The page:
This leads to one of the most heartbreaking scenes in a movie full of them, where Bruce visits his parents’ grave once again as he tries to come to terms with the fact that he is happy, and happy even without them: something he’d never counted on. This scene speaks volumes about Bruce Wayne as a character; he has been so affected by his grief that a happy future never even entered his mind. Of course, this doesn’t last as Andrea and her father, who has been embezzling from the mob must go on the run, leaving Bruce heartbroken. Without Andrea Bruce gives into the darkness inside him and becomes Batman.

We have seen this transformation a few times in film, most notably in Batman and Batman Begins, both of which frame this transformation as something triumphant, but Mask of the Phantasm frames it as it really is: a tragedy perfectly encapsulated by Alfred’s gasp of horror when the boy he raised turns around in full costume as the embodiment of justice – if not the embodiment of vengeance.
That role goes to Andrea who, as the ethereal Phantasm, is one of the most complex villains Batman has ever faced. The best type of Batman story, or my favorite, is when Batman isn’t the main character but instead is the force that is trying to pull the real main character out of the darkness that nearly consumed Bruce himself. This was done extremely well in Batman Returns with Catwoman, it’s the basis for many of the best episodes of the animated series (most notably with the Two-Face two-parter) and it’s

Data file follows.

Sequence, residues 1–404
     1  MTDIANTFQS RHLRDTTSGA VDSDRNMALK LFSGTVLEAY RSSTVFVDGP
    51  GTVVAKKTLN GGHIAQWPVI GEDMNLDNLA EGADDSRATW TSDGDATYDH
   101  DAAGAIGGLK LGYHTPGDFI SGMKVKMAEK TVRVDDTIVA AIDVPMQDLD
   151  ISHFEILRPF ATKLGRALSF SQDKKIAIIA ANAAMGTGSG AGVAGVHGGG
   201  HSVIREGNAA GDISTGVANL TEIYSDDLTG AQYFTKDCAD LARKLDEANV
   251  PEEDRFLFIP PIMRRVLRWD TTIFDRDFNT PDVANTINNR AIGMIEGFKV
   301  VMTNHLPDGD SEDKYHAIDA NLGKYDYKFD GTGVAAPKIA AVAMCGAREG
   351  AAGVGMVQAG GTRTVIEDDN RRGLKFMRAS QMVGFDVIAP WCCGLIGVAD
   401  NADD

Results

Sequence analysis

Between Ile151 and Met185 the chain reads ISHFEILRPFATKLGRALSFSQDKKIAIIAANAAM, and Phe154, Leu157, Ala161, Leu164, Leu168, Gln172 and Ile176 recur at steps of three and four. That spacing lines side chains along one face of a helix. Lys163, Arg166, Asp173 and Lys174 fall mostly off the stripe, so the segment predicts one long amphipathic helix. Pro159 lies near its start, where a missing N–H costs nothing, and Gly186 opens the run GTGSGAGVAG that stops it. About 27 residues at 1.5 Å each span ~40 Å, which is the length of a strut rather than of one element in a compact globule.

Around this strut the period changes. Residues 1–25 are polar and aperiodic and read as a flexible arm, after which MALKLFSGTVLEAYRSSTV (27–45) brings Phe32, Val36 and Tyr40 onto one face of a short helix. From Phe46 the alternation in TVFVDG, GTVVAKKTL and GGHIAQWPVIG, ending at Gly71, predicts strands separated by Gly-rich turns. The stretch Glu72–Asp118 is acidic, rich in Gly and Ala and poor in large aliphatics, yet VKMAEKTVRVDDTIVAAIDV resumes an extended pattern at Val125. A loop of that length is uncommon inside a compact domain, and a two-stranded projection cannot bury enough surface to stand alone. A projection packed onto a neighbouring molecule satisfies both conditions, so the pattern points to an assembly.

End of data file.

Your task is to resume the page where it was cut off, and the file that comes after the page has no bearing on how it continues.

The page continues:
his function in Mask of the Phantasm as he tries to stop Andrea avenging her father. What makes these types of stories so damn good is that Batman usually fails, rendering the story as a tragedy but also re-confirming the strength that he holds onto that keeps him on the right side of the moral divide.
Then there’s the Joker. Much like The Dark Knight, the Joker is introduced to the story through a crime boss, who thinks that Batman is the one killing his colleagues and hires the Joker to take him out . Instead the Joker kills the crime boss, and quickly finds out that the Phantasm is the one responsible for killing his old bosses. It’s not a word of exaggeration here to say that the Joker is at his best here. With screentime a little over ten minutes, the Clown Prince of Crime grabs the movie by the throat and starts laughing in its face. With the safety wheels off, Phantasm could up the ante with the Joker, making him a murderer that the TV show always hinted at but couldn’t show. While the Joker enters the movie fully-formed and familiar, he also goes through a transformation. He’s the last piece of the puzzle in Andrea’s killing spree as he was the one who murdered her father, and this leads to the climactic confrontation in the remains of the Gotham World Fair.